Once upon a time a great Canadian named Tommy Douglas had an idea. A Baptist preacher who believed in “social religion” – taking care of people in life rather than dwelling on the afterlife – entered politics. Douglas is responsible for universal health care in Canada – a country where most people don’t sleep with a gun under their pillows. A place where gay marriage is old news, and religion has no business in politics.

Please America; believe me when I say Ted Cruz is not a Canadian. He belongs to you now – good luck with that.

Cuba on My Mind


I’ve been feeling rather grumpy lately, and just figured out why; I have Cuba on my mind. Not the “all-inclusive” this beach could be anywhere in the world Cuba – I need the living, heart pounding, take your breath away Cuba. The Cuba that prompted my son to ask how people with so little could be filled with such joy.

Havana is like no other place I’ve travelled. Evidence of the revolution; images of Lenin and Che Guevara , bullet scars, socialist slogans, and meandering lines of residents waiting patiently outside government stores for state supplied rations of rice, beans, and rum – are nothing more than a small chapter in Cuban history. A 16th century Spanish fort stands guard over Havana’s harbour; the shells of giant sea turtles float in the murky waters surrounding it, centuries old refuse alluding to lavish meals of Spanish rule. Taxi stands filled with pre 1959 American cars compete with horse drawn carriages for tourist dollars. Remarkably clean streets do little to hide the crumbling façades of Spanish colonial occupation. Gorgeous building held together with chicken wire and cinder blocks. Ballerinas from the National Ballet spill onto the street, mindful of the broken pavement and uneven curbs. Open air markets filled with books, soviet era propaganda, old movie posters, and art. A meal of chicken, potatoes, and beer for $2.00 as night falls and the air fills with music.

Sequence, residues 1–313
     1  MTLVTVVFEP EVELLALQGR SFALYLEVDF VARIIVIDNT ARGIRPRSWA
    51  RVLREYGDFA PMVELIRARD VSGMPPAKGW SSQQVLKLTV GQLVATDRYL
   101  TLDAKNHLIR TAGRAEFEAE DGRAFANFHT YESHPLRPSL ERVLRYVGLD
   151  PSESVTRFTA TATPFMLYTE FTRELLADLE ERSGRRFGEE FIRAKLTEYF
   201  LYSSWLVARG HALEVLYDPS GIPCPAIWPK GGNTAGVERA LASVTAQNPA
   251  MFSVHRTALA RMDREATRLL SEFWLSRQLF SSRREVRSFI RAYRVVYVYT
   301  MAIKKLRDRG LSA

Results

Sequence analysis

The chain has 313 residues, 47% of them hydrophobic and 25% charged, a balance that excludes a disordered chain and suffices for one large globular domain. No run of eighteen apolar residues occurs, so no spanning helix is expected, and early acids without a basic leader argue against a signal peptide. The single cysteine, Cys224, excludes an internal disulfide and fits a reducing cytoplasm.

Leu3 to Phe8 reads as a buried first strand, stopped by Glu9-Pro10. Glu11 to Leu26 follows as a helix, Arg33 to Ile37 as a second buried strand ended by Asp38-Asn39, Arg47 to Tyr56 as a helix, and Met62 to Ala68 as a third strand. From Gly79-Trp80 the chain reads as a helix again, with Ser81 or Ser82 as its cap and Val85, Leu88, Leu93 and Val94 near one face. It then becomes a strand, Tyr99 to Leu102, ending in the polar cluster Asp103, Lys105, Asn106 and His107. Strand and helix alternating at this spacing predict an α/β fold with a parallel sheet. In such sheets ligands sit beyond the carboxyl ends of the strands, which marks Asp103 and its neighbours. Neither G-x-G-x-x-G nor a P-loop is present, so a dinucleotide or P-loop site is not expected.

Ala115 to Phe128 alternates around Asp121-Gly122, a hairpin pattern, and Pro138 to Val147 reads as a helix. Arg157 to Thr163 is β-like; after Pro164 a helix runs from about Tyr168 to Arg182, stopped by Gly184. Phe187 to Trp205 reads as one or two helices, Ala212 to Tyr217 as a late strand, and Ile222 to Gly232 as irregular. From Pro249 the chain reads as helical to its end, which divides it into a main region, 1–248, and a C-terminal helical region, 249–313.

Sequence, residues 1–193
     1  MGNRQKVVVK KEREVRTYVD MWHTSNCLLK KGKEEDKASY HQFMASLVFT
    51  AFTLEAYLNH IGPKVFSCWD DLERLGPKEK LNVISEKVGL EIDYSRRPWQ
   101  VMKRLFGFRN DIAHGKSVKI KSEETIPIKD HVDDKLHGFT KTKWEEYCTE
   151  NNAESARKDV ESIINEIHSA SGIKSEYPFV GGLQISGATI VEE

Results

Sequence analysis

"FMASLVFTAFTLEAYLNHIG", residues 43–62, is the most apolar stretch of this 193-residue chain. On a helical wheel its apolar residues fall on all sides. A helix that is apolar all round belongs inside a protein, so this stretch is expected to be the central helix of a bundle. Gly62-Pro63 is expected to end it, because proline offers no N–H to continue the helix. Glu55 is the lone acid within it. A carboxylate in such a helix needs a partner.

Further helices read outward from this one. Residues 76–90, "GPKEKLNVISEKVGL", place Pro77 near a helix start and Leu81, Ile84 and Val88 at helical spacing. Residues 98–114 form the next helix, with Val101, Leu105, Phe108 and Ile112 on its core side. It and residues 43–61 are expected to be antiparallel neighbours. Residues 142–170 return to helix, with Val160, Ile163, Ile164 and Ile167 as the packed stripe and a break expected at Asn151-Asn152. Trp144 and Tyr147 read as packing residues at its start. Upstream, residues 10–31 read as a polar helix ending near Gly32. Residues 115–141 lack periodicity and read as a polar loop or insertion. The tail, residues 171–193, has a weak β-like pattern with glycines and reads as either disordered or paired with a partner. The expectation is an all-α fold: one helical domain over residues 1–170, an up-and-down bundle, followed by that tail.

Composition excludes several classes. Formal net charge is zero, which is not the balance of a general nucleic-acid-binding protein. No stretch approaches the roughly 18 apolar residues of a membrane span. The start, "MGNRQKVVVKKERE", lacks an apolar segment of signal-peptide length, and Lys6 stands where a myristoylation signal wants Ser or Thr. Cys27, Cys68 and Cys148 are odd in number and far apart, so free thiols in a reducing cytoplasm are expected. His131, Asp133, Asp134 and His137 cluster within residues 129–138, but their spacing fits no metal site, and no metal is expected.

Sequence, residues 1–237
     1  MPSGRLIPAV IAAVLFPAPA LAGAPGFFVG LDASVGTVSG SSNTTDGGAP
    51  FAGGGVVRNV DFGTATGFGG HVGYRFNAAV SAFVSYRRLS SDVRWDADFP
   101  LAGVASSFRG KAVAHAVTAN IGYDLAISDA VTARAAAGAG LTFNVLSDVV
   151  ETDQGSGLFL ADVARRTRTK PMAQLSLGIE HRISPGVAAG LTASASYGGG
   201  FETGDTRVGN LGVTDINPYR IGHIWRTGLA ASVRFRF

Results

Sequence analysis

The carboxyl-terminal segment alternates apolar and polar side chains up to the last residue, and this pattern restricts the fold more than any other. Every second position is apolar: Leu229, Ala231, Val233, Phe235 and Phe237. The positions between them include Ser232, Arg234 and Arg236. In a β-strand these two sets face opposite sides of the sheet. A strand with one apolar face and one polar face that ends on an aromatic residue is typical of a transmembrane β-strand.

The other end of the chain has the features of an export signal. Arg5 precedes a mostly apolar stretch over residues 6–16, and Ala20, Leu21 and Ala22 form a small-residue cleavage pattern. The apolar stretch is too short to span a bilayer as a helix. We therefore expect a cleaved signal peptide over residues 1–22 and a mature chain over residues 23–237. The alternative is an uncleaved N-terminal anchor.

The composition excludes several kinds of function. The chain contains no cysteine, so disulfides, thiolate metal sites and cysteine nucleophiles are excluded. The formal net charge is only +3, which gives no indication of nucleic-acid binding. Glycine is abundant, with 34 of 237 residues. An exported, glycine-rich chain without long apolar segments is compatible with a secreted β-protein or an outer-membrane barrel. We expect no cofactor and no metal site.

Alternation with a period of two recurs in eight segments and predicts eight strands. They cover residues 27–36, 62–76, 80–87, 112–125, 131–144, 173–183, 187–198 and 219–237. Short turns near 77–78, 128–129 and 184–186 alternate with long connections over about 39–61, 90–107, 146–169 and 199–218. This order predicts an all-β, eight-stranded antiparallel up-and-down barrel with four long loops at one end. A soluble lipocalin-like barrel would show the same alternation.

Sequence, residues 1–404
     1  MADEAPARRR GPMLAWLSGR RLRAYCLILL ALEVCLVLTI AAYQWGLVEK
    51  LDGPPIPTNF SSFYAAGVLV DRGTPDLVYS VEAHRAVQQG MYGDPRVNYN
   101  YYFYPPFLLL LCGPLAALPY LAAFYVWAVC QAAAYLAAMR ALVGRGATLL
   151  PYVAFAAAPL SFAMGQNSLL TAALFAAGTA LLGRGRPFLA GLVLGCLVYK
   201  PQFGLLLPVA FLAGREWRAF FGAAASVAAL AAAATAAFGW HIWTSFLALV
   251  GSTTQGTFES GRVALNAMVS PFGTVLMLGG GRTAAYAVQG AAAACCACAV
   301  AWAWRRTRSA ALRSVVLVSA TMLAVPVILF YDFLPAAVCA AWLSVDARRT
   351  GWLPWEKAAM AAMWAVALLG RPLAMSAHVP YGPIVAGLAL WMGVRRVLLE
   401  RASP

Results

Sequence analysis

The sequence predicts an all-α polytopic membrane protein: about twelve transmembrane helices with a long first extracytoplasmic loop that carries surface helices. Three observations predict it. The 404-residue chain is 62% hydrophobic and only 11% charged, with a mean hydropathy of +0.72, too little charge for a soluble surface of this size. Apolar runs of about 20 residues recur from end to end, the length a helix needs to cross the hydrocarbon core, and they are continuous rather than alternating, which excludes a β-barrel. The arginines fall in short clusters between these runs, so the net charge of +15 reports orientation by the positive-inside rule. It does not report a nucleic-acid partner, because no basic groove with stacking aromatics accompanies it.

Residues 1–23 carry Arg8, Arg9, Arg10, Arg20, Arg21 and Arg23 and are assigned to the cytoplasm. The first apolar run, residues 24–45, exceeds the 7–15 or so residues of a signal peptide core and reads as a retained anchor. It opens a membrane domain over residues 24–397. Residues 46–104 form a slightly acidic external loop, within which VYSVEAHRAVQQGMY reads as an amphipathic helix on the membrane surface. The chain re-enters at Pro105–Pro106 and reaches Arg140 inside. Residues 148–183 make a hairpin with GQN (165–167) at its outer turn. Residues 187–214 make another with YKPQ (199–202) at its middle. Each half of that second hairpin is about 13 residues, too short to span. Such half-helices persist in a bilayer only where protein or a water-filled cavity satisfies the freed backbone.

Cuba stole my heart and I need to go back. I long to be stuck in time, surrounded by remarkable people who when given lemons made lemonade. People who persevered, improvised, and never forgot how to laugh and sing. I don’t for a second believe life is all roses, but know Cuba is a special place with people I admire. At the moment my only wish is to fly to Havana, get on an ancient train complete with a roll of toilet paper and coffee mug as none are provided, and travel the 500 miles to Santiago de Cuba. The train will likely break down along the way stranding travellers for hours, hopefully days. I can’t think of anything I would rather do. I have Cuba on my mind.